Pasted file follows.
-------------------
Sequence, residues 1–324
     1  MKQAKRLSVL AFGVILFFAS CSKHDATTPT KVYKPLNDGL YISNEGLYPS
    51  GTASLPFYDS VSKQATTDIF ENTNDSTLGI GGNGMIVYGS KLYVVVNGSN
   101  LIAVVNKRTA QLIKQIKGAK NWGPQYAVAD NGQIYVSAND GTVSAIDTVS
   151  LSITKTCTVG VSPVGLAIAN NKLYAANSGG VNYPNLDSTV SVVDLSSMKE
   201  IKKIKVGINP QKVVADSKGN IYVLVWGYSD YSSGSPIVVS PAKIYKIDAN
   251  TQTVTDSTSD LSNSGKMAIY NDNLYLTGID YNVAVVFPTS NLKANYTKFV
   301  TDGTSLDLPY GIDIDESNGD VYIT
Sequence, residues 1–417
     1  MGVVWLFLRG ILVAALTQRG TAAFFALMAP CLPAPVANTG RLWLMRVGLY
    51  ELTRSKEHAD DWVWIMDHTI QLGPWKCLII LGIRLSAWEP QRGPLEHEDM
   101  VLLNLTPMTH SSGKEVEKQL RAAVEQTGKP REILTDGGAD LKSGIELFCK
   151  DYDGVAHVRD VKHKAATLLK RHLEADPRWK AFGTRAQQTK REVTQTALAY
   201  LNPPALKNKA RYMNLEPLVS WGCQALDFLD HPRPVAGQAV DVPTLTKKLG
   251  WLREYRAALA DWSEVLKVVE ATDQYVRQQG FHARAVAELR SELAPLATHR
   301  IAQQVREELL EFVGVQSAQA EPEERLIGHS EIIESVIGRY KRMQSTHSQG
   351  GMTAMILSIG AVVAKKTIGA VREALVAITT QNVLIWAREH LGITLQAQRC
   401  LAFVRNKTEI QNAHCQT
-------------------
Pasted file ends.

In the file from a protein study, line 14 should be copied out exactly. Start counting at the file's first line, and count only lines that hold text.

   201  LNPPALKNKA RYMNLEPLVS WGCQALDFLD HPRPVAGQAV DVPTLTKKLG